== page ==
The sound of scraping metal gears, a plume of smoke from the exhaust pipe, coming to an embarrassing and untimely stop on the side of the motorway... this is the all-too familiar tale of motoring holidays in the Volkswagen Type 2 T1, aka the Splitscreen, the Microbus, the Splittie, the Bully, the Vee Dub, the Hippie-van – or, to non-diehards, the VW Campervan.
This year marks the 60th anniversary of this, the most iconic and best-looking member of the camping-vehicle fleet. And today, the bug-eyed beauty continues to grip the British imagination, despite tales of atrocious starter mechanisms, failing batteries and weak hand brakes. But where did this unlikely love affair begin? Let us look to the Dutch businessman Ben Pon, Volkswagen's major importer for The Netherlands in the late 1940s.
After transforming his father's sewing shop into a car showroom, Pon took a trip to the VW factory in Wolfsburg, Germany, in 1946, which inspired the first working sketch of the Campervan. Pon struck a deal with engineers in Germany to develop his doodle, but it would take a couple of years before his idea would start rolling off the production line.
After struggling with speed and aerodynamics on the new Campervan, a few simple changes were made to Pon's sketches, and the famous "Vee" was added to the roofline and windscreen, which not only made it beautiful and sleek but created the memorable split windscreen, cylindrical headlights, rear engine and the circular VW logo which still endures.
When it was first released, people weren't sure about this rectangular Lurch, compared to the increasingly popular, smaller Volkswagen Beetle. But they soon got the bug and the Campervan has been a motorway pin-up ever since. It has inspired spin-off models, ambulances, pick-up trucks; in 2005, celebrity chef Jamie Oliver travelled around Italy in his blue Sambavan for his Great Escape TV show – and the same model recently popped up in an advert for Dorset Cereals. Today, it seems the mighty VW Campervan epitomises everything from family jaunts through the Brecon Beacons, to midlife crises, surfing getaways and festival frolics.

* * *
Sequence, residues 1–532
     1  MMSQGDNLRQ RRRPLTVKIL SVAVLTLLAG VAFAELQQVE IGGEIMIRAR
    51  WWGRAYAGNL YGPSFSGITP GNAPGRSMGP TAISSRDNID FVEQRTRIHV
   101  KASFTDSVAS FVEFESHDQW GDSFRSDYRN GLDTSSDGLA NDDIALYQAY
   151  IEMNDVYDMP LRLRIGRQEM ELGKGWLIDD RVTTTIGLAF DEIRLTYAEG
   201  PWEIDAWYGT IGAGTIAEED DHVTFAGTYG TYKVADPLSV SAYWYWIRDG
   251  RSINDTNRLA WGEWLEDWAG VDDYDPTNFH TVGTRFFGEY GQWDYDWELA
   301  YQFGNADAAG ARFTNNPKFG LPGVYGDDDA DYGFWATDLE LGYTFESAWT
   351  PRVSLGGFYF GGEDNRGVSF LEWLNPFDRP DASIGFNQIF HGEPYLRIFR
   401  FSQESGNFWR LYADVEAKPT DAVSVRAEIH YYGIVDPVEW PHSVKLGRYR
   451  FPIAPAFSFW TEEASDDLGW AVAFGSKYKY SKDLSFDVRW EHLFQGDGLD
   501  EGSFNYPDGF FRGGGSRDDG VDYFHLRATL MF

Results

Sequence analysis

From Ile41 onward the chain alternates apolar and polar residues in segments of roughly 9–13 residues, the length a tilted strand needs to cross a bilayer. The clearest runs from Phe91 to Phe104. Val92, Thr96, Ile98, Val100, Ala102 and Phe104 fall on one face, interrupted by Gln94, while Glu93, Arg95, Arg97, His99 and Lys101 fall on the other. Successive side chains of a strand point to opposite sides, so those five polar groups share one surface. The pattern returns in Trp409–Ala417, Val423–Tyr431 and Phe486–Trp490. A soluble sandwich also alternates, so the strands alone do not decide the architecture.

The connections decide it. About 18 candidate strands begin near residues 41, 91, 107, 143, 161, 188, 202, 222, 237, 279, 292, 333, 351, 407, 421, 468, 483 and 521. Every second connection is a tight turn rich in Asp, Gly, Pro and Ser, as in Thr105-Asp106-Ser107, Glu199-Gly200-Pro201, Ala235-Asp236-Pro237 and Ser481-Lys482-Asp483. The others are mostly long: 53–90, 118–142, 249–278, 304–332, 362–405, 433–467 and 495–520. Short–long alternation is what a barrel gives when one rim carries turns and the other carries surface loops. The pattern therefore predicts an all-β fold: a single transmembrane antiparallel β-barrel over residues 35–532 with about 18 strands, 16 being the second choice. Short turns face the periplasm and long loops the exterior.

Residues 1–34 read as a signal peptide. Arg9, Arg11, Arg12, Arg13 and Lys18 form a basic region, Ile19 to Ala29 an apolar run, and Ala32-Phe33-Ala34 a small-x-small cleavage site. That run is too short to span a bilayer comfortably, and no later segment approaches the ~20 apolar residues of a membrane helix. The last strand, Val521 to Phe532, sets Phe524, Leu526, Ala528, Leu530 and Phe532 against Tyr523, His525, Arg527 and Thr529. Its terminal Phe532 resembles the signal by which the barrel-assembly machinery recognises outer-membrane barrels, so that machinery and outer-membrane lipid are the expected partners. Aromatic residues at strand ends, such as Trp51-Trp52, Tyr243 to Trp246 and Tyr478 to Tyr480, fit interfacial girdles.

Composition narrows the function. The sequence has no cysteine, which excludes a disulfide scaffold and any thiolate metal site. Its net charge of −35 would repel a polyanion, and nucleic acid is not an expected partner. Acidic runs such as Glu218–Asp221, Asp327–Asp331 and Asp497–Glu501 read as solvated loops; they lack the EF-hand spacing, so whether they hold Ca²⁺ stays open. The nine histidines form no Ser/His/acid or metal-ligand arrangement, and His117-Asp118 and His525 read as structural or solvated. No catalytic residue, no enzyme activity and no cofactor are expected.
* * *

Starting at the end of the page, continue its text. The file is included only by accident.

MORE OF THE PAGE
"Why do we love it?" asks David Eccles, a VW owner since the mid-Seventies, the editor of VW Camper magazine and author of Campervan Crazy. "Because it reminds us of when life was simple: chuck the kids and food in the bus and go." Plus, they just look great, he adds. "Kids all point and smile and say, 'Look at the van with a face!'"
Over the years, VWs have become increasingly collectable, particularly the older, much rarer, split-screen models. Antique versions in good nick now fetch more than £20,000 on auction sites like eBay. And a number of companies are reaping the benefits, renting out vans for the weekend to fair-weather holiday-makers. One such company is Camper 4 Hire which has a fleet of pristine leather-trimmed vans, each with a back-story and a silly name, including Van Dyke, Van Gogh, Van Halen and Van Morrison. Of course they want to make money, but company director Adam Stanley insists it's also about keeping the VW peace-and-love legacy going.
"Campervans have always carried the image of freedom in summertime," he says. "Companies like us create a way for people to have a go even if they can't afford to buy one. They are going up in price every year in their thousands, they are in shorter supply and many of the oldies are rotting in people's gardens. At least we are looking after them. And as long as that is happening they should keep running."